Family configurations are many, and decision-making influences are everywhere—from your mother to the pregnant woman you pass in the hall when dropping your child off at pre-K. What (and how) you decide is subject to scrutiny and comes with mega-doses of pressure that increase self-doubt. This is a decision you want to get right so you don’t feel negative and guilty. Men and women worldwide have come to realize that having one child is desirable from a wide range of viewpoints and practicalities. Today only-child families are a given and rapidly becoming the New Traditional Family.

The Tough Questions

The Case for the Only Child is designed to unravel your questions and clarify the concerns you may have about formulating a yes or no decision to have one child. You will learn not only what it is like to raise an only child, but also what it is like to be one. Eliminating your confusion involves finding answers to these questions:

• How will more children affect my life, marriage, or partnership?

• What impact will a second child have on my job? Will I need or want to stay home?

• Do I have the support system, money, and other resources I will need?

• How much is my cultural or religious upbringing influencing me?

• Does my child need a sibling?

• Will my only child fare well in the world or be at a disadvantage?

• Do I want another child for the benefit of my firstborn or so someone will care for me in my dotage?

• What do I want versus what family, friends, and society tell me I should do?

Your answers will vary depending on your partner (or lack of one), pressure from family,

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  • (4/5)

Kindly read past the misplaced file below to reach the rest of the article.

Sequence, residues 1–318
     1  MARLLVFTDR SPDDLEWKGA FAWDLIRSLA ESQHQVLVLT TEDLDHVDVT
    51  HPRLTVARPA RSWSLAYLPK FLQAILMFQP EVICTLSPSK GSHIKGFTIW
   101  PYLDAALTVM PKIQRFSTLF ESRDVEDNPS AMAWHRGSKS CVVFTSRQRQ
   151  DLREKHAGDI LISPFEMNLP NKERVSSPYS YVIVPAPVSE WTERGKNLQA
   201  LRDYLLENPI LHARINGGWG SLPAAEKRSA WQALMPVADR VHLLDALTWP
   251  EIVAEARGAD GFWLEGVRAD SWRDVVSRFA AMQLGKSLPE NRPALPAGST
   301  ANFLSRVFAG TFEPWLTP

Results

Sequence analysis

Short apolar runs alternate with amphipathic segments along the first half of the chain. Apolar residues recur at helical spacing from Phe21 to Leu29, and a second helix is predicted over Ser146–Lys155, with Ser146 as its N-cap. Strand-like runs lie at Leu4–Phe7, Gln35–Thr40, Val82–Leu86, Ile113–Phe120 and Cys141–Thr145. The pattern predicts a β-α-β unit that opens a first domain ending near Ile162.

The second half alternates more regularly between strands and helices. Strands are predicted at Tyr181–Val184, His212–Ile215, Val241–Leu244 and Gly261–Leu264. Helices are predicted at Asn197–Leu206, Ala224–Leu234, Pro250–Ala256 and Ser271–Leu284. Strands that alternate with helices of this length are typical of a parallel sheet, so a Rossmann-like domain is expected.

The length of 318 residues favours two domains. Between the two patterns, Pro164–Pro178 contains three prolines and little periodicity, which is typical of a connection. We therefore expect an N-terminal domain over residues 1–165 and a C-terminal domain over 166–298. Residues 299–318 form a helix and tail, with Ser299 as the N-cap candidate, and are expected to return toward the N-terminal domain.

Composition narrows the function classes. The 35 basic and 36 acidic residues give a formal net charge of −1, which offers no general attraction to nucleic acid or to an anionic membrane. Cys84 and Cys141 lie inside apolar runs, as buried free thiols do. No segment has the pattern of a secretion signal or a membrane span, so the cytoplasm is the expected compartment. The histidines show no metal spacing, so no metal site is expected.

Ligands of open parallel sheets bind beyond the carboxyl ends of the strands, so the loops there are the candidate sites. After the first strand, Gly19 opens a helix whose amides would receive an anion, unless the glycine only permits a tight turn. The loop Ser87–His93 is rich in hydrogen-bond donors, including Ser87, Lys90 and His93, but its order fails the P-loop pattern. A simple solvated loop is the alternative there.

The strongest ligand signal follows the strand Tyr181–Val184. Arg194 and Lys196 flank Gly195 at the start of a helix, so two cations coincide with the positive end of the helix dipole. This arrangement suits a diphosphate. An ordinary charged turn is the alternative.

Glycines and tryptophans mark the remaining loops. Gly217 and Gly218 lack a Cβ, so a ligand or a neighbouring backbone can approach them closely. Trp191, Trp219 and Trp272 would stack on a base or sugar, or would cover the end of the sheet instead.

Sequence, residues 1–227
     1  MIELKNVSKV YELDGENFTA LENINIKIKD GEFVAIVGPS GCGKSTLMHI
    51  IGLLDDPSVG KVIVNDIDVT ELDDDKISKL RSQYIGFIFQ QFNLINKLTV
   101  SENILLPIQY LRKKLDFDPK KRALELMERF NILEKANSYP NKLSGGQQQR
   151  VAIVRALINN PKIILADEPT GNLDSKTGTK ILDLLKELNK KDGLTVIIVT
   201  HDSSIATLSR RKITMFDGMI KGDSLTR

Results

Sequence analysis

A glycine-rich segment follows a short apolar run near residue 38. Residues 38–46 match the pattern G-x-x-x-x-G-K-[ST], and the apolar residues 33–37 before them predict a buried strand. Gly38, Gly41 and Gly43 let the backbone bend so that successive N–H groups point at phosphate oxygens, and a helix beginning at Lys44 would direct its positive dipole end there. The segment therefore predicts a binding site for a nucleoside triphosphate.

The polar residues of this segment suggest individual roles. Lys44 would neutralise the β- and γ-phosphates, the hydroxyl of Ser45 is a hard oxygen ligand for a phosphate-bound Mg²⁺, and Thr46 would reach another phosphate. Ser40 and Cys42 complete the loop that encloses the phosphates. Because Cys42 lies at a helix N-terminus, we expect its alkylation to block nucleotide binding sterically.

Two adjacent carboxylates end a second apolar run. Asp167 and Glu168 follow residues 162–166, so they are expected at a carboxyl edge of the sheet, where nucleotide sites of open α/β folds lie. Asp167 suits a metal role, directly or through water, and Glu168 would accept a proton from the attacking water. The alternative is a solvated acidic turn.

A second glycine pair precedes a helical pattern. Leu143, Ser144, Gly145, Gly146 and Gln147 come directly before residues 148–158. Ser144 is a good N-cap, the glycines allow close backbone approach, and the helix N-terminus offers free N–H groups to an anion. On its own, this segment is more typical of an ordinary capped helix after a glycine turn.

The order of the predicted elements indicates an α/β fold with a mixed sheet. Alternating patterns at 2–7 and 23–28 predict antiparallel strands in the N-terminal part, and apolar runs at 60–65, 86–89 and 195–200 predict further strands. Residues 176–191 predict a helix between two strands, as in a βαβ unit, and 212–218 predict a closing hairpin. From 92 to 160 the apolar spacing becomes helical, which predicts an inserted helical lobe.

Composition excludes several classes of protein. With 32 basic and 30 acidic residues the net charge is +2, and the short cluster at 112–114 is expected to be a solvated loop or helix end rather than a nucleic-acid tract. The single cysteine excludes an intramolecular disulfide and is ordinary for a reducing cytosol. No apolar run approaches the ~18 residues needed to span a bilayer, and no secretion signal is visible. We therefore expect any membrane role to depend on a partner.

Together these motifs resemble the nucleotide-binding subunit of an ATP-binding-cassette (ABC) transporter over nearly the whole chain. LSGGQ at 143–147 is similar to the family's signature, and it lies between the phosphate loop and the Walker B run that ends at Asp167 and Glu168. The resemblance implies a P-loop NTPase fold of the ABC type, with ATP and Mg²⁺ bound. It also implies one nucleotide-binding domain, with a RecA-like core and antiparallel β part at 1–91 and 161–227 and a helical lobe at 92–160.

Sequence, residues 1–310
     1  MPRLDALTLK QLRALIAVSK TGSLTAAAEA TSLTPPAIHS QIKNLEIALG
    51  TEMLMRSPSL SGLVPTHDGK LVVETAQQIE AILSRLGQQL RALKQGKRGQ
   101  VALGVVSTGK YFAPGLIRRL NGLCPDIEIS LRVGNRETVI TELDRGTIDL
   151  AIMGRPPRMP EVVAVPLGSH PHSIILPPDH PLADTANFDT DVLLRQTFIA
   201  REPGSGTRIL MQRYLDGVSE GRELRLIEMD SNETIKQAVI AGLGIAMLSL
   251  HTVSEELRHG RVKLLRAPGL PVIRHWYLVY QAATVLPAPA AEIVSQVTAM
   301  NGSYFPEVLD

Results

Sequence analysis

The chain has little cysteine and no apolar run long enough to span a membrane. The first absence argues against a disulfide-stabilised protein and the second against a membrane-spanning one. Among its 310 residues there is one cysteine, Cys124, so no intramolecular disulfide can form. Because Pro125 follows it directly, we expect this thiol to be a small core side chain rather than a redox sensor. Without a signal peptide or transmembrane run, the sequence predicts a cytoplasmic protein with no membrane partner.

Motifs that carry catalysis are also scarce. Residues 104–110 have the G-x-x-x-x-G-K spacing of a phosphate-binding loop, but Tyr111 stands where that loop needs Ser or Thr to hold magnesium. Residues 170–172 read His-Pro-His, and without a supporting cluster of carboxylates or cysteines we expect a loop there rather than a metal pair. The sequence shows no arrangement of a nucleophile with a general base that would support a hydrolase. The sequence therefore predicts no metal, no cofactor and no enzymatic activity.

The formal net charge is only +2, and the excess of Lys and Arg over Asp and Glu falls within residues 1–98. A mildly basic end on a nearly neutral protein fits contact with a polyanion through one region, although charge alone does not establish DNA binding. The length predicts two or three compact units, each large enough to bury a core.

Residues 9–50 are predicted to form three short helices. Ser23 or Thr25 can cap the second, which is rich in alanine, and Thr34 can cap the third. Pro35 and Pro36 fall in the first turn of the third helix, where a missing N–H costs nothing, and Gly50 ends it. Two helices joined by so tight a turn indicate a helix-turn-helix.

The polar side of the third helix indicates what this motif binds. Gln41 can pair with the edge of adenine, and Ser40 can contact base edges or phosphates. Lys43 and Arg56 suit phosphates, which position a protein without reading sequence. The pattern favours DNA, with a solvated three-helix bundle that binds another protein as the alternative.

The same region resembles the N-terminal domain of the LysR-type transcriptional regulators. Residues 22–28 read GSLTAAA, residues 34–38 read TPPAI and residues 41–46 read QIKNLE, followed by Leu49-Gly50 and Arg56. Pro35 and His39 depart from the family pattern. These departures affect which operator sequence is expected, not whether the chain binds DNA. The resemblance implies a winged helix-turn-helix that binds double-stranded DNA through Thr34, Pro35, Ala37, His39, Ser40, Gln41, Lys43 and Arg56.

I am an only child who is the parent of an only child so I was very curious to read this book. When I was growing up I knew very few only children (if I think about it, I still know very few), nonetheless, after I had my son it never occurred to me to have another. My parents always said to me, "If you get it so right the first time, why do it again?" I did get it amazingly right the first time. My son has just successfully finished his first year in college and is a very happy, smart, socially well-adjusted, and kind human being who hopes to be an elementary or middle school teacher as a way of giving back to his community. None of that is a surprise to me because that's both who he's always been and how he was raised.I don't remember ever wanting siblings - I think that's a pretty abstract notion for small children, anyway. If I did when I was little I definitely remember being thrilled to be an only child after I started having sleepovers with friends with siblings. I'll admit that I'm often curious about it what it might be like, but purely from an intellectual standpoint. I was always very close with my parents (as is my son with his). We were a united front - all in it together.I had and have friends. I was lucky to have been able to participate in activities outside of school - art classes, music lessons, ballet. I do remember being lonely sometimes, but I think everyone's had that sensation - siblings or not. I have always been (and remain) very independent and choosy in my personal life - choosing fewer rather than more friends - again that's part of who I am and of my personality. My son is much more social and outgoing than I am or than his father, so I'm not convinced being an only child dooms you to social ineptitude.The qualities I think only children gain quickly are those of independence, of learning to compromise (really, friends never give you your own way all the time). I think only children also learn the luxury of picking and choosing because they know how to be alone and how to entertain themselves. I see these as positives.FDR - President and Only ChildDr. Newman clearly takes apart the stereotypes associated with only children as just that - stereotypes that turn out to be essentially untrue. We no longer live in the kind of society that loses children at such a rate that multiples are had if only to ensure someone makes it past childhood. Our children do not work our farms, or labor in our factories. We are fortunate as a society to have choices about family size and there are good reasons for choosing fewer as there are equally good reasons for having more. I don't think it's a question to torture yourself over and it is good to see an explication of that for parents who may be doing so.I think children should be wanted and cherished by their parents. If you're able to do that with only one child, then that's what you do. If you can do that with more, then you do that. All choices have advantages and disadvantages - it's up to you to figure out the cost/benefit and then follow your heart.If this is a question that you're dealing with in your personal life, you can't find a better book to help you think about this choice. Perhaps the best (and most difficult) thing about living at this time is that we have many choices. Knowledge increases our ability to make the right choices for ourselves and further helps us down the road to knowing our heart's desire. This is a thoughtful and worthwhile book that presents information in a clear way and affirms the right to make all kinds of choices - great book.